With the coronavirus pandemic looming, the situation for the Rohingya is becoming increasingly desperate
As the global pandemic looms for many people in refugee camps, and at least six coronavirus cases already confirmed in the Rohingya camps, the situation is becoming increasingly desperate, says Sarah Champion MP | PA Images
Rohingya Refugees are being fenced in and communication blocked, just as coronavirus cases are confirmed in camps, according to a new report from the International Development Committee.
Today, the International Development Committee launched its first report in this Parliament, which focussed on the humanitarian situation faced by the Rohingya.
The horrendous plight of the Rohingya has been relatively well-documented. Forced out of their homeland, Myanmar, by violence and intimidation they have largely ended up in refugee camps in Bangladesh.
Three years on and an International Court of Justice hearing later, it still seems there are no signs of a resolution. As the global pandemic looms for many people in refugee camps, and at least six coronavirus cases already confirmed in the Rohingya camps, the situation is becoming increasingly desperate.
The conditions in Rohingya refugee camps in Cox’s Bazar make containing the spread of any virus incredibly challenging. During our evidence gathering, we heard how cramped and crowded accommodation, lack of washing facilities, and scarce medical resources could all hamper efforts to ‘stop the spread’.
But most alarmingly to me, was hearing how Bangladesh authorities have started building high fences around and between the camps, making access to aid even more challenging and penning people in, but also splitting communities. This isn’t how human beings should be treated – regardless of a global pandemic. The Rohingya have fled Myanmar because of threats to their freedoms – amongst other things -- and just where they are seeking refuge, their freedom is being further undermined.
We’ve also heard how internet access has been severely limited. The Bangladesh authorities have imposed a communications ban – limiting mobile data and sim cards within the camps. This makes it much more difficult for individuals to access potentially life-saving public health information on how they can keep themselves safe during the pandemic, and crucially, report any symptoms to medics and aid workers.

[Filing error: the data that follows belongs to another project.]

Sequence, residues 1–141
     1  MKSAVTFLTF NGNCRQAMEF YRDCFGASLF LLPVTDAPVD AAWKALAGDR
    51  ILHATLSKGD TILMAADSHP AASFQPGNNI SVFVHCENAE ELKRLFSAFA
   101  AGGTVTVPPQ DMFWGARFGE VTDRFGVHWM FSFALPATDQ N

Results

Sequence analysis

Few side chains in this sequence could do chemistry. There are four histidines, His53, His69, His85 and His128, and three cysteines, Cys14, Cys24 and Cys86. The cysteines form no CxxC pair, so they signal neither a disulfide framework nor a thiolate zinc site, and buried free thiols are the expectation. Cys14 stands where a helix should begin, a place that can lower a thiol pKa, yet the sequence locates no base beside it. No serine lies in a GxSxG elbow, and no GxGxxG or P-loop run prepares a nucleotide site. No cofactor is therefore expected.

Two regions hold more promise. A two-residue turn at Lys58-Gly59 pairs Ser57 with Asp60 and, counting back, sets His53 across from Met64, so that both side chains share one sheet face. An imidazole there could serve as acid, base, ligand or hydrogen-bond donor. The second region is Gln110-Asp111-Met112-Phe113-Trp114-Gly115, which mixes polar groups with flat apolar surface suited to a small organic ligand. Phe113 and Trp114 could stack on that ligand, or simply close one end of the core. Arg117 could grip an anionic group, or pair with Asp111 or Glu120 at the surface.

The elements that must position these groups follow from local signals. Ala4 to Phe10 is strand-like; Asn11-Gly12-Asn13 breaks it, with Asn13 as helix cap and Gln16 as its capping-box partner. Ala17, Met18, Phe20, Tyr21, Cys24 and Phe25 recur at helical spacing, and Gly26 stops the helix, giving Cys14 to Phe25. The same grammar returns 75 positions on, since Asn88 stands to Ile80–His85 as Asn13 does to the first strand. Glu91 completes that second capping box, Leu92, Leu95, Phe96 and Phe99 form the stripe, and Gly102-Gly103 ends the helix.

Aside from the problems that arise with coronavirus, I am haunted by one evidence submission received by the Committee. This was about an aid worker who, because of the communications ban, was unable to report an incident of trafficking within one of the camps. The aid worker couldn’t raise the alarm and save these incredibly vulnerable people. Whatever the reasons for this communications black-out, they cannot outweigh these risks.
Our inquiry clearly demonstrates the Rohingya are continuing to suffer significant hardships. In addition to the coronavirus cases confirmed this week, a powerful cyclone is menacing the region and causing flooding in camps, further threatening their safety. How much more horror are these people expected to endure? A lasting solution must be found – and fast.
The UK Government has been one of the largest donors to humanitarian relief within the camps, and it must urge other nations to follow suit. But humanitarian assistance can only go so far. More must be done at a political level to resolve the problem for the long term.
Within our report, we are calling on the UK Government to press the Myanmar authorities to stop the human rights abuses which caused so many to flee Rakhine State in the first place, and there must be repercussions if they fail to do so. In 2018, Minister Alistair Burt told the Committee that the UK Government was reviewing its programme in Myanmar. We are seeking an update on this, and what has changed in terms of aid in Myanmar as a result of the continued suffering of the Rohingya.
You may remember the harrowing news footage following the Rohingya as they made their way to camps. It prompted great anger at Myanmar’s lack of acceptance of its responsibilities. As a Committee, we will continue shining a light on the immense suffering experienced by up to one million displaced Rohingya, and we will not rest until the they feel they can return home safely and with dignity, or other satisfactory destinations are found.
Sarah Champion is Labour MP for Rotherham and chair of the International Development Committee.
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